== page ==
Section M341C--Utah High Plateaus and MountainsGeomorphology. This area occurs within the Colorado Plateau physiographic province. It includes portions of south-central Utah. This Section is located in the northwest corner of the Colorado Plateau physiographic province. These plateaus are primarily fault-controlled, have relatively high elevations, are aligned in a north-south direction, and are underlain with rocks of Mesozoic and Cenozoic eras. The east flank of the high plateaus is bordered by the Canyonlands. The western boundary is faulted, separating it from the Basin and Range physiographic province. They are a series of high plateaus that are gently rolling on top, but rise steeply from the valley bottoms. They are separated by north-south trending valleys. Landslides have influenced many areas in this Section and several plateaus were sites of local icecaps during at least the Wisconsin age. The tops of the plateaus have been capped with volcanic flows and glacial deposits. Colorful badland topography exists near Bryce Canyon and Cedar Breaks. This Section can be divided into three north-south groups that are separated from each other by two major structural trenches. The main plateaus of the western strip, from south to north, are the Markagunt, Tushar, Pavant, and Gunnison; the plateaus of the middle strip are the Pausaugunt and Sevier; those of the eastern strip are the Aquarius, Awapa, Fish Lake, and Wasatch. The depression which divides the western and middle plateau groups is the Sevier-Sanpete Valley. This depression is largely controlled by the Sevier Fault at its east side. The middle and eastern plateau strips are separated by Grass Valley, another fault-controlled depression, and by the Paunsaugunt Fault. The western boundary of the Utah High Plateaus and Mountains Section also follows the northern part of Hurricane Fault.
The general outline of this Section is determined by a series of northeast-southwest-trending faults. The boundary rises from the levels of the plateaus immediately north of the Grand Canyon to the highest of the High Plateaus and includes a series of cliffs and associated rock terraces which have been named according to the predominant colors of the geological formations responsible for them. This ascent takes place over a distance of 40 to 50 miles. The cliffs have a general east-west trend, in contrast to the faults of the area. Five cliffs have regional extent; they are, in order from south to north the Chocolate, Vermillion, White, Gray, and Pink Cliffs. Each cliff is developed on a resistant geological formation ranging in age from the Triassic period to Eocene epoch. The cliffs are cuesta scarps developed on northward-dipping resistant formations. Elevation ranges from 5,000 to 13,000 ft (1,500 to 4,100 m).
Lithology and Stratigraphy. The northern portion is Miocene, Oligocene, and other undivided Tertiary volcanic rocks. The southern portion of the Section is Jurassic, Cretaceous, and Paleocene-Eocene aged sedimentary rocks, mostly sandstones and shales.
Soil Taxa. Mollisols, Entisols, Inceptisols, and Alfisols are in combination with mesic, frigid, and cryic soil temperature regimes, along with ustic, xeric, and udic soil moisture regimes.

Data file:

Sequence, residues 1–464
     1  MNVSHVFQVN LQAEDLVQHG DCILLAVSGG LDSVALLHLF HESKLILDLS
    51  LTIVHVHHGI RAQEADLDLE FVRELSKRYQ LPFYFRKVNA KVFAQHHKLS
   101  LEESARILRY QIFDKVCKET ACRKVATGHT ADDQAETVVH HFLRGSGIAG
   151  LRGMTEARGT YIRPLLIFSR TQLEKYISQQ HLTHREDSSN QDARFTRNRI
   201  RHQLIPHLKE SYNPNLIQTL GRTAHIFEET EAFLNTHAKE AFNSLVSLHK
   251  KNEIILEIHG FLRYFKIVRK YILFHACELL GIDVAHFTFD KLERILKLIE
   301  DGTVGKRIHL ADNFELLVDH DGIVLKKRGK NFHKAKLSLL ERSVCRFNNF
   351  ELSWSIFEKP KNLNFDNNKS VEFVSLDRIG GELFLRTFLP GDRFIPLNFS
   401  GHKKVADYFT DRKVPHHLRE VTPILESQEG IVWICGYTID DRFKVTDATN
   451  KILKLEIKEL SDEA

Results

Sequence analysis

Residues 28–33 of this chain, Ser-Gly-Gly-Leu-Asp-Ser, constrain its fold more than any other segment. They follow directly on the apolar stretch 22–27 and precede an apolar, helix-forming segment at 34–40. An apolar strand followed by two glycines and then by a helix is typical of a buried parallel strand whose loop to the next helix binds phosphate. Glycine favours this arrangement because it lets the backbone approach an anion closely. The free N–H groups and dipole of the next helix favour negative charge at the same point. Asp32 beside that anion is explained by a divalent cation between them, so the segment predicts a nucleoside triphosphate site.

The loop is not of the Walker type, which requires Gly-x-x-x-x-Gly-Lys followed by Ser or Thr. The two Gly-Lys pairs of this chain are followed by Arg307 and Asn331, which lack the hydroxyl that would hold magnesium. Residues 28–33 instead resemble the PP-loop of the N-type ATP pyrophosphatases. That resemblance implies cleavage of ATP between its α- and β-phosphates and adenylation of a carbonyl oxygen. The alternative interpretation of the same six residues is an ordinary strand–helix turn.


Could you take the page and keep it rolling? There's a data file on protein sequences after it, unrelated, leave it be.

Potential Natural Vegetation. K\"uchler vegetation types include western spruce-fir forest, Arizona pine forest, and spruce-fir--Douglas-fir forest. The Soil Conservation Service identifies potential natural vegetation as conifer, aspen, grasses, mountain shrub, and sagebrush-grass. Areas of big sagebrush also occur.
Fauna: This section was once dominated by Rocky Mountain bighorn sheep, and large numbers of antelope and Utah prairie dogs; there were fewer bison, elk, mule deer, and wild turkeys, and desert bighorns. Rocky Mountain sheep and bison have been extirpated. Elk and wild turkey were extirpated historically, but both have been re-introduced; currently, elk are found throughout their historic range. Large predators included timber wolves, grizzly bears, black bears, cougars, bobcats, gray foxes, and coyotes. Timber wolves and grizzly bears have been extirpated. Northern goshawks, flammulated owls, wolverines, flying squirrels, red squirrels, snowshoe hares, blue grouse, Steller's, jays, and three-toed woodpeckers were found throughout spruce-fir and mixed conifer forests. Wolverines, never plentiful, are no longer found in this area, and three-toed woodpecker populations are reduced in range and number. Boreal toads, Utah tiger salamanders, and Utah mountain kingsnakes typify herpetofauna in and around high elevation ponds, lakes, wetlands, and riparian areas, although boreal toads are greatly reduced in number and range. Golden eagles, mountain bluebirds, loggerhead shrikes, Brewer's sparrows, and burrowing owls typify bird species found in plateau and valley grasslands. Ring-tailed cats and peregrine falcons were found in canyon areas; presently, peregrines are sparsely distributed throughout the Section. Riparian corridors are used by many neotropical bird species such as western wood peewee, lazuli bunting, and warbling vireo. Leatherside chub, Utah chub, and native Bonneville and Colorado cutthroat trout characterize unique stream fauna.
Climate. Precipitation ranges from 14 to 35 in (375 to 900 mm) annually, with precipitation being distributed throughout the year. Much of the precipitation falls as snow. Summer precipitation patterns provide limited moisture during the growing season. Temperature averages 32 to 47 oF (0 to 8 oC). The growing season ranges from 20 to 120 days.
Surface Water Characteristics. Streams, lakes, and ground water supply adequate water for grazing and forest growth. Perennial streams are frequent and drain into the Sevier, Virgin, or Colorado River. Some major lakes are Piute Reservoir, Panguitch Lake, Scofield Reservoir, Joes Valley Reservoir, Fish Lake, and Otter Creek Reservoir.
Disturbance Regimes. The primary disturbance forces are infrequent mass movements and erosion from water. Historically, fire was a major disturbance that modified the vegetation. Fire suppression practices during the past century has altered this process.
Land Use. Grazing for sheep and cattle is the major land use. Timber production also occurs on the high plateaus. National parks and monuments bring abundant recreational use into the area. Coal mining is an important use on the Wasatch Plateau.
Cultural Ecology. Reserved.
Compiled by Intermountain Region.